When she turns her attention toward you as you speak, you know that Mayor Kelli Linville is listening. Not just putting on the appearance of listening, but taking in your words and considering them. Sometimes she responds right away, but typically she takes your words into consideration, thinks about them, and then meets with you at a later time to talk about your thoughts and concerns. This, right here, is what makes her unique as a public official. “I will meet with anyone,” she often says. And she does.
The key to her success as a public servant is her warmth, which is both personal and political. As a former speech pathologist, she has always kept social services high on her list of priorities. She cares deeply about the hardships and predicaments of the less fortunate, and acts on that empathy as an elected leader. She was the first legislator to act as prime sponsor of the Mental Health Parity Bill in Washington State. The bill, now an act, ensures that mental health patients get the same level of coverage as patients with physical ailments. As she is quick to tell anyone, she believes strongly in the “service” half of the phrase “public service.”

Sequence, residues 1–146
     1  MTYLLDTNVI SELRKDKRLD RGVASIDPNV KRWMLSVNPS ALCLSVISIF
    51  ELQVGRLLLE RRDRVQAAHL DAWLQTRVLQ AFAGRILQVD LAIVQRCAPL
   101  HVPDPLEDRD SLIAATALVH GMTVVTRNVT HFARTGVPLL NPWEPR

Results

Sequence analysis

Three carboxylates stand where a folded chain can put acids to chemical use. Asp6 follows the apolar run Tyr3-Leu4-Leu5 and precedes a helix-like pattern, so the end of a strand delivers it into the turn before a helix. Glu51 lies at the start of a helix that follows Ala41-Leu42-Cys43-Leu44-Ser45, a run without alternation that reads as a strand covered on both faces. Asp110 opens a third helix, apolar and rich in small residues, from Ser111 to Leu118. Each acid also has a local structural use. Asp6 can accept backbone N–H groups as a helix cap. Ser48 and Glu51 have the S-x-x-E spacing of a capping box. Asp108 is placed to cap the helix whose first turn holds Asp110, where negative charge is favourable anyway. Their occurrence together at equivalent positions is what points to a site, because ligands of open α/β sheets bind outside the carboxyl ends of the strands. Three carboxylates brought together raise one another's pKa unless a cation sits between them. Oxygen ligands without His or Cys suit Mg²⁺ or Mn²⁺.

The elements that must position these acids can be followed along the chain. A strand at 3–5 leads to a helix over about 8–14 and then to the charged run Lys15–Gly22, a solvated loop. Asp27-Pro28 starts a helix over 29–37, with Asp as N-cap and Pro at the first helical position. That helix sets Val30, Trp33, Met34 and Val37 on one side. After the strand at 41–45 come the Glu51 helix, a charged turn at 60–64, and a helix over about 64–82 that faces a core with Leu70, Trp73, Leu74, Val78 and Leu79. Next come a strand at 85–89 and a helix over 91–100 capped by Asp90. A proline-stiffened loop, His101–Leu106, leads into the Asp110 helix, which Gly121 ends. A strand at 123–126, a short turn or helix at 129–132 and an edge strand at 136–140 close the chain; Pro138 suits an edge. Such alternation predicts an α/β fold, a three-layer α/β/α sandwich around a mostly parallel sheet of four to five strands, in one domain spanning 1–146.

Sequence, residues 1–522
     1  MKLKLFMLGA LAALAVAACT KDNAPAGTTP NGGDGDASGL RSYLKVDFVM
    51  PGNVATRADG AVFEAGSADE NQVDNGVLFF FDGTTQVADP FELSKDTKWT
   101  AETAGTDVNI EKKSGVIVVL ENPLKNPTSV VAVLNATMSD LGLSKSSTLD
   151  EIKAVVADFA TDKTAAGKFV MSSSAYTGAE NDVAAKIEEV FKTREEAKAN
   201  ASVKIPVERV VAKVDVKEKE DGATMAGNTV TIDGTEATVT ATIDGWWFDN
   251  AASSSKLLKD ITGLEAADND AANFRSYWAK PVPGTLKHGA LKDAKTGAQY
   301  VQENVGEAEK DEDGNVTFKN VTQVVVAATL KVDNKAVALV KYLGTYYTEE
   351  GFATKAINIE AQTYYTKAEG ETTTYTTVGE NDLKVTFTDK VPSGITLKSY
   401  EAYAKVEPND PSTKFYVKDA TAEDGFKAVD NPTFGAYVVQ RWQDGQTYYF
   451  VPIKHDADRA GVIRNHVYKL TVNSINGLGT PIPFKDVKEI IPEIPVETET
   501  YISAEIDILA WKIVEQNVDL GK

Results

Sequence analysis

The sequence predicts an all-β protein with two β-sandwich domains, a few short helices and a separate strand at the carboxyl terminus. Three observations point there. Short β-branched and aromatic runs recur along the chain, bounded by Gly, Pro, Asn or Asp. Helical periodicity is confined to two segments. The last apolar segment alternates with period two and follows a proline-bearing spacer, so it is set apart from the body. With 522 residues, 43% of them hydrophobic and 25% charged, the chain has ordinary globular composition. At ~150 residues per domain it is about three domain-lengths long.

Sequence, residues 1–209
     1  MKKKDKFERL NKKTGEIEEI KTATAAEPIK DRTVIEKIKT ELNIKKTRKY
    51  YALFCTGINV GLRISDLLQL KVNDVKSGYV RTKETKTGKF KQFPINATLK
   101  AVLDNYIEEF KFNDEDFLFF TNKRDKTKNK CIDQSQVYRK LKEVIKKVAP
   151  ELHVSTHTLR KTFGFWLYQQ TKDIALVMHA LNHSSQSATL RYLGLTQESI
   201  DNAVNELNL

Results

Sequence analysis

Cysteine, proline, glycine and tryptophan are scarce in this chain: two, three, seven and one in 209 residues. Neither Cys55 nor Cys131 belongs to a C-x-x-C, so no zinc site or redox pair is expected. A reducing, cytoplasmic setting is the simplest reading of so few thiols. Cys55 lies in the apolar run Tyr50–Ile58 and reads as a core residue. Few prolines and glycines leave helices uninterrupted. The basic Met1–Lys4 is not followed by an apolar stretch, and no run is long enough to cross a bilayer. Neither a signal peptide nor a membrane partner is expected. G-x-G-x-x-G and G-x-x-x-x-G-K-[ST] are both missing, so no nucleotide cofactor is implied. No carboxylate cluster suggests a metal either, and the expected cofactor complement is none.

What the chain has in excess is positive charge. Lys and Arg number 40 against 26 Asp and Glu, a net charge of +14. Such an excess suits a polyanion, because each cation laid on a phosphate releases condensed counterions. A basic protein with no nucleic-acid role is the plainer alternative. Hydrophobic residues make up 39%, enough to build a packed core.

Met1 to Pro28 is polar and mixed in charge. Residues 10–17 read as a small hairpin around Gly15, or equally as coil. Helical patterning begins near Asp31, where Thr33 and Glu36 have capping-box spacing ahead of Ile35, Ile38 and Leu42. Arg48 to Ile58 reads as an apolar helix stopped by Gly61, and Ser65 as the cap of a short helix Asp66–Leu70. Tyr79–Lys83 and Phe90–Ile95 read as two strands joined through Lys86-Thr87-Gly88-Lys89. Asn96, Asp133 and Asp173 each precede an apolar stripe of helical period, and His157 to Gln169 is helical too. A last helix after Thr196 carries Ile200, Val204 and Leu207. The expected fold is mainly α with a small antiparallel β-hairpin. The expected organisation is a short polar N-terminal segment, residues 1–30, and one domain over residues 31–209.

It hasn’t been an easy time to be mayor. Still suffering the consequences of the economic downturn, Bellingham’s budget has been hard-hit. Linville was known in Olympia as a numbers person, chairing the House Ways and Means committee during her time as a Representative. As mayor, Linville stepped up and took on big challenges like Lake Whatcom and the waterfront, and added accountability to city services. Mayor Linville has engendered good will with the County Executive and sought solutions to thorny problems like big box stores and the new challenges from marijuana legalization. And while each decision brings dissent, Linville’s support network is strong and deeply loyal, and it’s not hard to see why. It all begins with how well she listens.